Standard equation of a circle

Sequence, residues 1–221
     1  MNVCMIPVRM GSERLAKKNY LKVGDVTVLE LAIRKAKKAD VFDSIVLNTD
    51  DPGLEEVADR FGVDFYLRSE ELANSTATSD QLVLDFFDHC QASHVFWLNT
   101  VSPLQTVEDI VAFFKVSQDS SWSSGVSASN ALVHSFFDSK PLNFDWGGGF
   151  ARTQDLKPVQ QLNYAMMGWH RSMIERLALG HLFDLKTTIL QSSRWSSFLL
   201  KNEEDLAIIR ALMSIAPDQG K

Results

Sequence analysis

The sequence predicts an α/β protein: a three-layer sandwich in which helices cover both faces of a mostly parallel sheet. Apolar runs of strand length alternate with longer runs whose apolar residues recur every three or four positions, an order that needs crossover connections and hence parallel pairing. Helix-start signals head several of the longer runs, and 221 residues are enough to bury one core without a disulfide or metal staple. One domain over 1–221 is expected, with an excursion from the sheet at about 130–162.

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- [Voiceover] Whereas to graph the circle x plus five squared plus y minus 5 squared equals four. I know what you're thinking. What's all of this silliness on the right hand side? This is actually just the view we use when we're trying to debug things on Khan Academy. But we can still do the exercise. So it says drag the center point and perimeter of the circle to graph the equation. So the first thing we want to think about is well what's the center of this equation? Well the standard form of a circle is x minus the x coordinate of the center squared, plus y minus the y coordinate of the center squared is equal to the radius squared. So x minus the x coordinate of the center. So the x coordinate of the center must be negative five. Cause the way we can get a positive five here's by subtracting a negative five. So the x coordinate must be negative five and the y coordinate must be positive five. Cause y minus the y coordinate of the center. So y coordinate is positive five and then the radius squared is going to be equal to four. So that means that the radius is equal to two. And the way it's drawn right now, we could drag this out like this, but this the way it's drawn, the radius is indeed equal to two. And so we're done. And I really want to hit the point home of what I just did. So let me get my little scratch pad out. Sorry for knocking the microphone just now. That equation was x plus five squared plus y minus five squared is equal to four squared. So I want to rewrite this as, this is x minus negative five, x minus negative five squared, plus y minus positive five, positive five squared is equal to, instead of writing it as four I'll write it as two squared. So this right over here tells us that the center of the circle is going to be x equals negative five y equals five and the radius is going to be equal to two. And once again, this is no magic here. This is not just, I don't want you to just memorize this formula. I want you to appreciate that this formula comes straight out of the Pythagorean Theorem, straight out of the distance formula, which comes out of the Pythagorean Theorem. Remember, if you have some center, in this case is the point negative five comma five, so negative five comma five, and you want to find all of the x's and y's that are two away from it. So you want to find all the x's and y's that are two away from it. So that would be one of them, x comma y. This distance is two. And there's going to be a bunch of them. And when you plot all of them together, you're going to get a circle with radius two around that center. Plus think about how we got that actual formula. Well the distance between that coordinate, between any of these x's and y's, it could be an x and y here, it could be an x and y here, and this is going to be two. So we can have our change in x. So we have x minus negative five. So that's our change in x between any point x comma y, negative five comma five. So our change in x squared plus our change in y squared, so it's going to be y minus the y coordinate over here, squared is going to be equal to the radius squared. So the change in y is going to be from this y to that y, this is the end point. The end minus the beginning y minus five, y minus five squared. And so this shows for any x y that is two away from the center, this equation will hold. And it becomes, I'll just write this in neutral color, x plus five squared plus y minus five squared is equal to the radius squared, is equal to two, or let me just write that, is equal to four. And let me make it, I really want to, you know, I dislike it when formulas are just memorized. You don't see the connection to other things. Notice we can construct a nice little right triangle here. So our change in x is that right over there. So that is our change in x. Change in x. And our change in y our change in y, not the change in y squared, but our change in y, is that right over there. Change in y, our change in y you could view that as y minus, so this is change in y is going to be y minus five. And our change in x is x minus negative five. x minus negative five. So this is just change in x squared plus change in y squared is equal to the hypotenuse squared, which is the length of, which is this radius. So once again, comes straight out of the Pythagorean Theorem. Hopefully that makes sense.